I’m 16. I go to a tiny high school, made up of students from two townships. My class is one of the biggest classes ever to come through: 35 students. Musically, I am a very big fish in a very small pond: band, chorus, guitar, ukulele, bassoon, baritone saxophone, tenor saxophone, sing, and write music. But here’s the thing, I only sing, write music, and play guitar well. The others I do really, really badly, I mean just awful.
Mrs Springstead is our music teacher. She used to be really good. Now I’m not even sure she can hear. David Webster, Richard Hudson, and I are the saxophone section. They play altos. I play tenor. We are the best section in the band even though I am really bad. We consider ourselves untouchable, music jocks.
David and I decide to taunt Mrs Springstead. On every held note let’s put this huge vibrato into it, wide and slow. Richard won’t do it, goody two shoes! WaWaWaaaaWa….. not a word. She doesn’t say a word! Did she even notice? Well she didn’t, but Richard did. After a few weeks, Richard quit band. I think we inadvertently forced him out. I still regret that all these years later. But still, those WaWaWaWaaaas were lots of fun.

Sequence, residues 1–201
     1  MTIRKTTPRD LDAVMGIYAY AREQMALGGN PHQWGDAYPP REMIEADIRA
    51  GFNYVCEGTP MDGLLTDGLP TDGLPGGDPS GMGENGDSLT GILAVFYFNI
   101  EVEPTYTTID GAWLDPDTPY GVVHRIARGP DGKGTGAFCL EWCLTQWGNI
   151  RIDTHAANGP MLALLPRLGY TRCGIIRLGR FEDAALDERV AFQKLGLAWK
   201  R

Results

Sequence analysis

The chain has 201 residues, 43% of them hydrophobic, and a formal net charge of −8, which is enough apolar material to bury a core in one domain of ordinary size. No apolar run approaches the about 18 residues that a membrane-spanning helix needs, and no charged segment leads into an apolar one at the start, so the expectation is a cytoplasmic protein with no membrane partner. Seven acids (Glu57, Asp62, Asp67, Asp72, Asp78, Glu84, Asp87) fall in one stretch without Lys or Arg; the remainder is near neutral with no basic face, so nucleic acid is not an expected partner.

Okay, so that didn’t work. What else could we try? We switch music. I am playing music written for the alto on my tenor and David is playing my tenor music on his alto. For those of you that have never been in band, all these instruments play in different keys. The music is written in special keys to make it sound pleasing to the audience, actually be in one key. With this switch, most of the band is playing in C, but I’m playing in G; not too bad. David is playing in B; argggg God awful! You are listening. You hear three jarring keys being played at the same time. They don’t belong together. Its as if we have three basketball games being played on the same court at the same time. It is so jarring I can hardly stand it. Mrs. Springstead doesn’t say a word. Not even a glance? Impossible! Where are her ears!?
We think about trying to play the music upside down. We aren’t good enough for that. We are just big fish in a small pond.
I’m 17. David comes up to spend the night at my house in the country. We can’t sleep. We head out to his folks VW camper that he came up in. We play various songs in the camper with the doors closed. We hear some vague shouting and roll down the windows. Ted and Cozette Allen are yelling at us from the bedroom window in their house about a hundred yards away. “Will you two cut that out! Have some respect! We’re trying to sleep over here!”
Sometimes, we were noticed.